Is a career in agriculture in your future?

Your Ag College Guide

It all started with a conversation with reporter Catie Noyes.

“You know, I’d like to do a story on ag colleges in Ohio.”

“Don’t forget Pennsylvania and West Virginia,” I replied. “And how are you going to identify schools or programs that yield graduates that go into agriculture?”

The special supplement, Your Ag College Guide, is the result of that conversation. A story that kept getting bigger until we gave it its own section.

What we tried to do is show high school students that there are many paths to a career in agriculture — broad paths, narrow paths, winding paths, surprising paths. There is no cookie-cutter advice that fits every student. You’ll have to find your own way.

In the supplement, we share information that was provided by institutions that responded to our emailed survey. You can compare different universities’ enrollment or tuition at a glance. And on a special landing page online — — you can find the listing as well as an interactive map, and more words of wisdom for high school students.

The special section also includes lots of great information from admissions experts: Visit more than one school, don’t pick a school just because your boyfriend is going there, and get organized!

(High school students, you will need to learn to check your emails and keep track of your information, because colleges will be corresponding with YOU, not your parents. Oh, hello, late tuition fee.)

Parents, students and teachers: We plan to keep updating this online landing page with more information about scholarships, college information and tips, so be sure to bookmark the page and check back often.

If you’d like a copy of our special supplement, please email the newsroom at Teachers, 4-H or FFA advisers, if you’d like multiple copies for high school students, just ask!

In the special section, we also spotlight seven graduates who are working in a variety of ag careers, from an attorney specializing in ag law to someone who returned to the family farm. You can also read the larger feature about one of these young ag professionals, who actually started his own farm enterprise in high school.

We asked these graduates why they selected their particular university, and found their answers interesting, and think you will, too. We also asked these graduates to share some “what I would tell the 17-year-old me” advice. I think it should be required reading for everyone headed to post-high school education.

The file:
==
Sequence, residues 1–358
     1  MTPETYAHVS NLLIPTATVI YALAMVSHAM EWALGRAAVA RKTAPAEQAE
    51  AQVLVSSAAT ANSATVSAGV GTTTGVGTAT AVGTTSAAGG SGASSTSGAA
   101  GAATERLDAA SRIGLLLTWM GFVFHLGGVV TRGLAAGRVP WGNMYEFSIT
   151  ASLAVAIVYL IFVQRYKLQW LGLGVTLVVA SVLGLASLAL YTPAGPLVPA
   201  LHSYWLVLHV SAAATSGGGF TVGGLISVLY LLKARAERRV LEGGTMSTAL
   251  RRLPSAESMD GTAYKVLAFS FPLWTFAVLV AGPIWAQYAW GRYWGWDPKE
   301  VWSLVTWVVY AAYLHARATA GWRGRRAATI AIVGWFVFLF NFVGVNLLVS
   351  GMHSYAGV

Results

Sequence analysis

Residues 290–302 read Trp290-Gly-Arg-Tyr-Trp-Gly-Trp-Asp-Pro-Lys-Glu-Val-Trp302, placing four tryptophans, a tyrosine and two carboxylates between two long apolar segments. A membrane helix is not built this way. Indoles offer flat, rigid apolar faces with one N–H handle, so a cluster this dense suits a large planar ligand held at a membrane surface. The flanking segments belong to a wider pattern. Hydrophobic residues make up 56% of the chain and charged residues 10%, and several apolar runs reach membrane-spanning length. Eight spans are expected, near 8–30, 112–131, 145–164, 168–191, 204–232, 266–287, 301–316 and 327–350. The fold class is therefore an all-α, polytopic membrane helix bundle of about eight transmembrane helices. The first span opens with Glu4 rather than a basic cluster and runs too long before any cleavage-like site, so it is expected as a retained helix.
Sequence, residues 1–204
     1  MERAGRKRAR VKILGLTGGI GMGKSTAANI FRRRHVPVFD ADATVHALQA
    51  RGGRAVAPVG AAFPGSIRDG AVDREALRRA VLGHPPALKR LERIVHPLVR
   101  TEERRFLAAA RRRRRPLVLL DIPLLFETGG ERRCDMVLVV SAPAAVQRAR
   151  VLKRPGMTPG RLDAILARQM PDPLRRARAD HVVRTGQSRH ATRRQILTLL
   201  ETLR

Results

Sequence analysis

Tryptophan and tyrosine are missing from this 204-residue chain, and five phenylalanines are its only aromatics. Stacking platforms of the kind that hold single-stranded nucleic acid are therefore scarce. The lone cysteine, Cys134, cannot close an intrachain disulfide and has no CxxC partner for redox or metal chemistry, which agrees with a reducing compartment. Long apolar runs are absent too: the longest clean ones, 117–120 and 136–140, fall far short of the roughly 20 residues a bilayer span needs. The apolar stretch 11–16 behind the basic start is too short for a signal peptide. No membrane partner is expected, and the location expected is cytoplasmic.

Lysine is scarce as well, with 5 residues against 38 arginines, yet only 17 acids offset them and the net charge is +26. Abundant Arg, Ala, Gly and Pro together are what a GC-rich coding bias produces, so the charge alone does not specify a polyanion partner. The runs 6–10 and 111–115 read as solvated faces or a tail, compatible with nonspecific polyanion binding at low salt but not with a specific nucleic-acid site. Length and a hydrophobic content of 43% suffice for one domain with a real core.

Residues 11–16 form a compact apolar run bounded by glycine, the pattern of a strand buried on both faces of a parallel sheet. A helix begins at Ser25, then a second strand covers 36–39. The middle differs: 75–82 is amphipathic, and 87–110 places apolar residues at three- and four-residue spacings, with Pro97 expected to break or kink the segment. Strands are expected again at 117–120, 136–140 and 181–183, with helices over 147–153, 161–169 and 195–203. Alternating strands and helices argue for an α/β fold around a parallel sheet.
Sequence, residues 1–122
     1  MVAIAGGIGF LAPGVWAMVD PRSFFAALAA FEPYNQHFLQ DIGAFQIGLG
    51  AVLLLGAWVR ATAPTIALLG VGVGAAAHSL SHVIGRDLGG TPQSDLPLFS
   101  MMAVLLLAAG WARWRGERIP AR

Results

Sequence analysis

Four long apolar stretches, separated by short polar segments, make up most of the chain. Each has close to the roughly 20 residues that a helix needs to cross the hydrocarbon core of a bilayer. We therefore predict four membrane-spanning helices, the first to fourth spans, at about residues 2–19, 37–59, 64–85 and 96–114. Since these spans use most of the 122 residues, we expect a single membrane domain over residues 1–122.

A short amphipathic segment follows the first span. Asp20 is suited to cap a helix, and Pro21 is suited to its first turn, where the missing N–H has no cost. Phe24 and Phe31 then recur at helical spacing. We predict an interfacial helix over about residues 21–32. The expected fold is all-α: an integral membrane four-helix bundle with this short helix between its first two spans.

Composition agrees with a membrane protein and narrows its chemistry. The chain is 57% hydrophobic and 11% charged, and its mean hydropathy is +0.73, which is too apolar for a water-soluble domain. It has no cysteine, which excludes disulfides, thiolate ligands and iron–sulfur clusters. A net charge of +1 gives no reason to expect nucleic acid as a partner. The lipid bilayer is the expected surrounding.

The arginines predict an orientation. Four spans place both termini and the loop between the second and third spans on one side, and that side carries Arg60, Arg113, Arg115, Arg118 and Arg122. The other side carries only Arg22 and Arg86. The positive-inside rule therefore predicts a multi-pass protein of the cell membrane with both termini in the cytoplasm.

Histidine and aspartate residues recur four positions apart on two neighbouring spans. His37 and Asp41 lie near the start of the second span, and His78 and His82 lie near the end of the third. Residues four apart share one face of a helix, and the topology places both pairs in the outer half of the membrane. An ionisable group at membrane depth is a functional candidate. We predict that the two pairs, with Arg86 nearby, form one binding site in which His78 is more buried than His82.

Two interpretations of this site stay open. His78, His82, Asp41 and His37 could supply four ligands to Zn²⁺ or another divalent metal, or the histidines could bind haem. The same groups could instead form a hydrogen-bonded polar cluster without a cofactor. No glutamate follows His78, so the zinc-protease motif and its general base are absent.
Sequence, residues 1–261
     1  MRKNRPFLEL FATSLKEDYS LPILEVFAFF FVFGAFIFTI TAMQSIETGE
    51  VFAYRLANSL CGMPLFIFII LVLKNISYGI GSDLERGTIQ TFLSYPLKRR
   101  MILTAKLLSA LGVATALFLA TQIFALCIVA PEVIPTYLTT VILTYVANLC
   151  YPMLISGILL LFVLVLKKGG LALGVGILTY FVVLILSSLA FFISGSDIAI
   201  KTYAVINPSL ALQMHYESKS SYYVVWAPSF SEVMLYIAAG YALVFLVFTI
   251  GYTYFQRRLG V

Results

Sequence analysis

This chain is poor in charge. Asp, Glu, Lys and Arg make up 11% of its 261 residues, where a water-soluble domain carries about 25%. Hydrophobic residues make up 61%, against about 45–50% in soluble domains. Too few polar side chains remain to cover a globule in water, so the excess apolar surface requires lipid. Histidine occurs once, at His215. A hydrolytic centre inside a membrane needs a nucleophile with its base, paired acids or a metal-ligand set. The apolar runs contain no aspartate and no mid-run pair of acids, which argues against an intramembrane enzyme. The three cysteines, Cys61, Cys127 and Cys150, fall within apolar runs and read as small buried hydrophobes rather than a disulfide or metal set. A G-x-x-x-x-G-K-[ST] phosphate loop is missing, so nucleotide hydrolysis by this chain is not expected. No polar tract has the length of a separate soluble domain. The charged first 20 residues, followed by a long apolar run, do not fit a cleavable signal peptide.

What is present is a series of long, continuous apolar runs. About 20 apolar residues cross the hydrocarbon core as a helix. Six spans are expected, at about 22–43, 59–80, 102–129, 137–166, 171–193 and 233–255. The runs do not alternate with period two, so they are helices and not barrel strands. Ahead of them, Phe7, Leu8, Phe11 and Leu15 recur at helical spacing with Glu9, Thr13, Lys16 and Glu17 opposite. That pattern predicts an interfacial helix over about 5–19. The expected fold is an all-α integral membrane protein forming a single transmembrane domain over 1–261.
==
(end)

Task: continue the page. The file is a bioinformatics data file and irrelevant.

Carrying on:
Regular readers may remember that I didn’t graduate from an ag college. My degree is from the (then) School of Journalism at Kent State University. Although I was raised on a small farm, I had no idea of the vast career opportunities available in agriculture. I mean, that’s just “farming,” right?

Chris Hogan changed his major four times, finally landing on history, with an eye toward law school. But it was a job he held during a gap year between college and law school, that solidified his interest in ag law. And Melanie Snider found her love of horses propelled her to a degree in recreational therapy, highlighted by a college program that emphasized equine therapy.

There are many facets to agriculture, and we need good people in the pipeline to keep it going: geneticists, lenders, agronomists, chemists, communicators, engineers, marketers and growers. We also need skilled tradesmen in fields like high-tech diesel technology, or water systems or bioenergy.

We need to encourage the brightest and best from our farms — and the brightest and best who weren’t raised on a farm — to consider careers in agriculture.

So, pull out that special section and put it aside. If you don’t have anyone in your immediate family in high school, share it with a friend, a church member, a neighbor, heck, even a complete stranger at the fair. Teachers, FFA or 4-H club advisers, we’ll be happy to send you extra copies.

And take some time to listen to the next generation. Encourage them to explore their interests, and to figure out their passion. Show them the breadth and depth of all things agriculture.

We need them.

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